By Josh P. Hamilton
April 23 (Bloomberg) -- Billionaire Warren Buffett, who will embark on a four-city European trip next month to meet with owners of family businesses, has for years been laying the groundwork for an acquisition in Europe.
At the center of that effort is Angelo Moratti, scion of the founding family of Italian energy company Saras SpA. The third week of May, the Berkshire Hathaway Inc. chairman will travel to Milan, Madrid and cities in Germany and Switzerland, Moratti said. Buffett's assistant, Debbie Bosanek, confirmed the trip.
``The purpose of the trip is to meet family-owned companies, owners of family companies, the typical European dynasties,'' said Moratti, vice president of Milan-based Saras, in a telephone interview. ``His idea is that sooner or later one of these great businesses will fall into his hands.''
Buffett, 77, has been looking outside the U.S. to put his company's more than $40 billion in cash to work. Moratti said he is organizing the tour along with Eitan Wertheimer, president of Israel-based Iscar Metalworking Cos., acquired by Berkshire in 2006 in Buffett's first non-U.S. acquisition.
Moratti is a ``bird dog'' who may be able to point Buffett to profitable ventures in Europe, said Tom Russo, who helps manage more than $3 billion, including Berkshire shares.
``Buffett was underrepresented in Europe because he doesn't use the investment bankers, so he needed to develop his own profile,'' Russo, a partner in Gardner Russo & Gardner in Lancaster, Pennsylvania, said in an interview.
Buffett declined to comment yesterday. Moratti wouldn't name any business owners who would be sitting down with the American investor.
``We're carefully choosing who he's going to meet with,'' Moratti said. ``They may not be ready to sell now, but they may be ready in five years.''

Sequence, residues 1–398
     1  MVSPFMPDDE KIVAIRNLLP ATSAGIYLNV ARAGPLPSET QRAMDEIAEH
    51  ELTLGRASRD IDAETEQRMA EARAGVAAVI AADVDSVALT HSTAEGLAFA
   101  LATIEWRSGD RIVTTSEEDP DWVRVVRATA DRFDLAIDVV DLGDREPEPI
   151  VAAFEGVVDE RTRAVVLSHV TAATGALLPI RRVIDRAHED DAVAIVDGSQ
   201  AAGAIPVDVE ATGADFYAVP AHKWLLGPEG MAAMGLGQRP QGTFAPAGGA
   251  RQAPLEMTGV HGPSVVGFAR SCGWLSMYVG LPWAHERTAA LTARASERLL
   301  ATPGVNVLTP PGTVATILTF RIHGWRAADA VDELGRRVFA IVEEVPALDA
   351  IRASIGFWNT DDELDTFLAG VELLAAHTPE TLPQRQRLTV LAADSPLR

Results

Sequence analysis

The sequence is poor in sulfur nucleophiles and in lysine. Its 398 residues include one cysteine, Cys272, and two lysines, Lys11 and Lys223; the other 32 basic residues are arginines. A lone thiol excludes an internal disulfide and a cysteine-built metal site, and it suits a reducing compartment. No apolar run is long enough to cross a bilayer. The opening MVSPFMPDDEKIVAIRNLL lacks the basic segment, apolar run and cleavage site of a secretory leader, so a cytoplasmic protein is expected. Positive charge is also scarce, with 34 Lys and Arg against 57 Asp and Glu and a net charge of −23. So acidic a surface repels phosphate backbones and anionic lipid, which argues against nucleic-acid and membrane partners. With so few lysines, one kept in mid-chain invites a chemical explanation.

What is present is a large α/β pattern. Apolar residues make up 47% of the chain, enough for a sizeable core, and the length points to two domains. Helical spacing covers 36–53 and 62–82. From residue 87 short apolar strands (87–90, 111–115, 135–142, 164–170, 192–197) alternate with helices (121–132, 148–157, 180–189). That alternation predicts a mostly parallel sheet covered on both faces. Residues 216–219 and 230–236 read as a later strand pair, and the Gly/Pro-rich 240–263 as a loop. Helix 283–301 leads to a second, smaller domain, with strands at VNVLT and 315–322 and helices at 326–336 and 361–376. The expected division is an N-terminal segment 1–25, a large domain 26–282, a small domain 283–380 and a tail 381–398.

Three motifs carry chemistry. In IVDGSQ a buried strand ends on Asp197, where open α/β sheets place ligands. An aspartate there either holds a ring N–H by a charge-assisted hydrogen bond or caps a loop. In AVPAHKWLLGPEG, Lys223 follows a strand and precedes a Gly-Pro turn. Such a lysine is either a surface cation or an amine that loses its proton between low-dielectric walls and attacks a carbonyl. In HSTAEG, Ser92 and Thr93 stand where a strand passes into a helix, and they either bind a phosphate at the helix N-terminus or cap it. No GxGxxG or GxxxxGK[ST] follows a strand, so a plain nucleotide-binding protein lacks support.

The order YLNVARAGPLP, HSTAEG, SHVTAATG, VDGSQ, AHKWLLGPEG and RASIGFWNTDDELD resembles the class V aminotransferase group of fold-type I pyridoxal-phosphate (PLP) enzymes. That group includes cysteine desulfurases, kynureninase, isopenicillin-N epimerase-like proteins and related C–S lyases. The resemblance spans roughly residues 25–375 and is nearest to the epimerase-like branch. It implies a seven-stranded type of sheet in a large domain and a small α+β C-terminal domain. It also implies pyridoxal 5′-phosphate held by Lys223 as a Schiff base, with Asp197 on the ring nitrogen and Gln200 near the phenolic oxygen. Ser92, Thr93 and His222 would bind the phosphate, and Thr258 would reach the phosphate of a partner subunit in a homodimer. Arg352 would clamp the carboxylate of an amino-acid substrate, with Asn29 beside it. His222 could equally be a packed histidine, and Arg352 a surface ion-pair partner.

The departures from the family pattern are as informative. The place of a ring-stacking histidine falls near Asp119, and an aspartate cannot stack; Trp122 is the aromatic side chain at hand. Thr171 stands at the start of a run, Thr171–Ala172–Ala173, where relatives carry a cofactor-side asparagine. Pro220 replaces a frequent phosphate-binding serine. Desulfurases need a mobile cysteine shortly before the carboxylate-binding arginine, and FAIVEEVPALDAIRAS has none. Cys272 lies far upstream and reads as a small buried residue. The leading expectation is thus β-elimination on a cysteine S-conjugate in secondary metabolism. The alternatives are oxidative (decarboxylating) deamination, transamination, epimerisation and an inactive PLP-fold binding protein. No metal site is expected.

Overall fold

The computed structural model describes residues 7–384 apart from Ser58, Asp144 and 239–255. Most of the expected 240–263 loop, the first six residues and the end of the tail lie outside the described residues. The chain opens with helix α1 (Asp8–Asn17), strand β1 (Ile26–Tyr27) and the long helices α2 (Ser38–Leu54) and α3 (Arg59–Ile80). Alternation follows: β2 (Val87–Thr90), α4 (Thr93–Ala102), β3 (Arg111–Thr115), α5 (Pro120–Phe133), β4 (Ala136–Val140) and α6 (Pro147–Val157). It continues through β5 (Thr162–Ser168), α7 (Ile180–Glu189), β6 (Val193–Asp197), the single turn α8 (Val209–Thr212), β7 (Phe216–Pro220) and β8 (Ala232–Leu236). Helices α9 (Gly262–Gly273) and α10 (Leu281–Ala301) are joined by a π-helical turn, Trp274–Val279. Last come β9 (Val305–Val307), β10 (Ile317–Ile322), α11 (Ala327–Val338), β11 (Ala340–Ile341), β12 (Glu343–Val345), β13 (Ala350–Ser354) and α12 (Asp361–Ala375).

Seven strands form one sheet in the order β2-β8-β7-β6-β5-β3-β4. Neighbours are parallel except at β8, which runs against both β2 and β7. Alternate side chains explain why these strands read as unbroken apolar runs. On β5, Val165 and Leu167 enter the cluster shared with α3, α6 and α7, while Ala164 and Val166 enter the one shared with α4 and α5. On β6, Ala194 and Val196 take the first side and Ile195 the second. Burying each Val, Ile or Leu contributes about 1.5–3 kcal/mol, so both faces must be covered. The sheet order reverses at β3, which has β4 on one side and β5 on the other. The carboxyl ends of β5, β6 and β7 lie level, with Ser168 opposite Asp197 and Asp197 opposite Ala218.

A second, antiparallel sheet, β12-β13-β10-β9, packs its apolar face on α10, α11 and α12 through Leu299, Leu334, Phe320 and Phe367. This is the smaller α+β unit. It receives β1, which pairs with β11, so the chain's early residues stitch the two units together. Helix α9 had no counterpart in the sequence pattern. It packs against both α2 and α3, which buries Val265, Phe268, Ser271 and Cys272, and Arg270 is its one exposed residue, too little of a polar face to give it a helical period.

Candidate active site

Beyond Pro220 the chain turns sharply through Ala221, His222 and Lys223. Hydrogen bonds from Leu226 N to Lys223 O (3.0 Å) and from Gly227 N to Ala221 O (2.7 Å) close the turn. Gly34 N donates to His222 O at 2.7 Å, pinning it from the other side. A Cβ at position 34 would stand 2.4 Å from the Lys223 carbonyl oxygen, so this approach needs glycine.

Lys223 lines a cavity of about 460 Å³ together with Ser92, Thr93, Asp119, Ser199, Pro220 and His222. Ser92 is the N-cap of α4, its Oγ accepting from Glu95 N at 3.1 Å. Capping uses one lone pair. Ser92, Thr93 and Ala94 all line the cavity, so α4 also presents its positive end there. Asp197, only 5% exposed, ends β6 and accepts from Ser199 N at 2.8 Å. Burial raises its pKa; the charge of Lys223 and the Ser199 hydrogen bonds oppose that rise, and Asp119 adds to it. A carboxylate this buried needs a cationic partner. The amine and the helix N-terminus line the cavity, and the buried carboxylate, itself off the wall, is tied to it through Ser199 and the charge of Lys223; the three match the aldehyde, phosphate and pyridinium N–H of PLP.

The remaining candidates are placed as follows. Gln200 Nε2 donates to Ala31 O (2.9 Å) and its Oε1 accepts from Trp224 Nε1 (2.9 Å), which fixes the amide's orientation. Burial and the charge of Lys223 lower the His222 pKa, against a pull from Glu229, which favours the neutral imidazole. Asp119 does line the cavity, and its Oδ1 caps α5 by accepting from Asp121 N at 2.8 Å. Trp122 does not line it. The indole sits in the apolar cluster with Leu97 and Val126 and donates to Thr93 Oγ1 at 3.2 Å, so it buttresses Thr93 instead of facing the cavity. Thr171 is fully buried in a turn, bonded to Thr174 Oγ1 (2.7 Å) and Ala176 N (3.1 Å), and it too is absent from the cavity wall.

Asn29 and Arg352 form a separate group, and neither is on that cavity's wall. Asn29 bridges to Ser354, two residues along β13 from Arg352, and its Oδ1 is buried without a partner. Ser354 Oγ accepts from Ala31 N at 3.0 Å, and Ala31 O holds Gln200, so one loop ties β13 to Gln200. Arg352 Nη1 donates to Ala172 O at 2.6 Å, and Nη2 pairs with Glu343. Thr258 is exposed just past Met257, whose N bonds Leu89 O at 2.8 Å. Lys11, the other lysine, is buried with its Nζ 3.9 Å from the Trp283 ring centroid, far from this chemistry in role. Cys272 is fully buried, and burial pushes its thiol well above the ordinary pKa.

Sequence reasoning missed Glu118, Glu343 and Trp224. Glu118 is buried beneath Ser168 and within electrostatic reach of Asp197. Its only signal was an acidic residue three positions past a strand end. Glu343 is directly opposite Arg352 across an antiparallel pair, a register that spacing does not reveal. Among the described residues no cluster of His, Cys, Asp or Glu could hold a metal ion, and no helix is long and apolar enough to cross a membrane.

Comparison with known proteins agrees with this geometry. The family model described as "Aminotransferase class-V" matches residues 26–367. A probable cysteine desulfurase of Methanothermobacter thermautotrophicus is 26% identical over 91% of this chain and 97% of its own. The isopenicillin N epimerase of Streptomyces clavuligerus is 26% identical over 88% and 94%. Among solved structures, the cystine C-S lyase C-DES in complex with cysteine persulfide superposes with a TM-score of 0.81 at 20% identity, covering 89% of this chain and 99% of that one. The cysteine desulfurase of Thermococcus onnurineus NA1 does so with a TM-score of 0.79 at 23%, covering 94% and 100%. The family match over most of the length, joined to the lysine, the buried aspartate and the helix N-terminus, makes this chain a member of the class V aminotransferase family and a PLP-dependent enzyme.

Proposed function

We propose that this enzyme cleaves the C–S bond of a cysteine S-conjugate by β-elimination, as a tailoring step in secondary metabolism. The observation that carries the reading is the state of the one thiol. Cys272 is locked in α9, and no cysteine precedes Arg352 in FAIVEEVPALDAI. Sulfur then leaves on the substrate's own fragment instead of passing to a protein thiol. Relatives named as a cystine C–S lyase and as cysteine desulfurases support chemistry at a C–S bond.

Buffett built Omaha, Nebraska-based Berkshire over four decades from a failing textile maker into a $200 billion holding company with businesses ranging from candy making to insurance. He is the world's richest person, according to Forbes magazine.
The European story began seven years ago.
About 50 people came to Moratti's house in Milan in early 2001 to meet the man who at the time was little known in Europe outside of financial circles, Moratti said. Attendees included members of the Barilla family, owners of the Italian pasta company of the same name, Spain's Arango family, the head of Telecom Italia, and heads of Italian banks.
Buffett Answers Questions
Buffett sat on Moratti's couch for an hour and a half fielding questions ranging from why he counts Microsoft Corp. founder Bill Gates a close friend to what he thought of the U.S. dollar. The guests' reaction was ``fantastic,'' Moratti said.
With the euro fetching less than a dollar at the time, Buffett predicted the currency would get ``a lot stronger in the next few years,'' Moratti said. ``I should be interested a lot more in investing in Europe in the future'' Buffett said, according to Moratti.
The euro yesterday traded at $1.59.
Buffett began betting against the dollar with forward currency contracts in 2002, and held as much as $21.8 billion of them in 2005. The following year, he said he would prefer to buy interests in companies outside the U.S.
Pressure on the Dollar
``Americans like buying products made elsewhere more than the rest of the world likes buying products made in the U.S.,'' Buffett wrote in his annual letter to Berkshire shareholders last February. ``Inevitably, that causes America to ship about $2 billion of IOUs and assets daily to the rest of the world. And over time, that puts pressure on the dollar.''
One of Buffett's mantras is to invest in what he knows. After the 2001 dinner in Milan, Buffett asked Moratti to be his eyes and ears in Europe.
``He realized European culture was very different from what he was used to,'' Moratti said.
Since then, Moratti says he's been trekking to Omaha at least four times a year to brief Buffett on companies and issues in Europe. ``I do it as a friend,'' says Moratti, who, in addition to helping run Saras, describes himself as an investor who had studied Buffett before meeting him.
In exchange, Moratti says he gets frequent access to the man he calls the wisest and happiest person he's ever met. Buffett counseled Moratti when his family was considering whether to go public in 2005. The Saras IPO raised more than 2 billion euros.
The trip will help educate Europeans about Buffett and his methods, Moratti said. Buffett has a history of leaving entrepreneurs -- like Santulli at NetJets -- in control of their companies after making acquisitions.
Buffett offers access to capital and financial expertise, and the promise that business owners won't have to give up the helm. That may appeal to Europe's family dynasties, Moratti said.
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